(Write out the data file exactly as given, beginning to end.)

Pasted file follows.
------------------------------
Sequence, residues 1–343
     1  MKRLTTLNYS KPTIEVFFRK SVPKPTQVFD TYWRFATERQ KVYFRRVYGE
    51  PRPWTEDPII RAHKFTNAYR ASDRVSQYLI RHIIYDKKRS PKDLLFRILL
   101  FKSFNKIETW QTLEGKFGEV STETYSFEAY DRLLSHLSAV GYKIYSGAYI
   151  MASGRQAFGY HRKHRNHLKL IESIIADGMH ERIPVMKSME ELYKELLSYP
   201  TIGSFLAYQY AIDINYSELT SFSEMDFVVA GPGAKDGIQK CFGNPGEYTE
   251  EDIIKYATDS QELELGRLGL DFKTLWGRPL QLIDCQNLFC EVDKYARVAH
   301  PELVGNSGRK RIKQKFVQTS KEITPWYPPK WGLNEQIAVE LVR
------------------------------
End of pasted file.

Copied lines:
Sequence, residues 1–343
     1  MKRLTTLNYS KPTIEVFFRK SVPKPTQVFD TYWRFATERQ KVYFRRVYGE
    51  PRPWTEDPII RAHKFTNAYR ASDRVSQYLI RHIIYDKKRS PKDLLFRILL
   101  FKSFNKIETW QTLEGKFGEV STETYSFEAY DRLLSHLSAV GYKIYSGAYI
   151  MASGRQAFGY HRKHRNHLKL IESIIADGMH ERIPVMKSME ELYKELLSYP
   201  TIGSFLAYQY AIDINYSELT SFSEMDFVVA GPGAKDGIQK CFGNPGEYTE
   251  EDIIKYATDS QELELGRLGL DFKTLWGRPL QLIDCQNLFC EVDKYARVAH
   301  PELVGNSGRK RIKQKFVQTS KEITPWYPPK WGLNEQIAVE LVR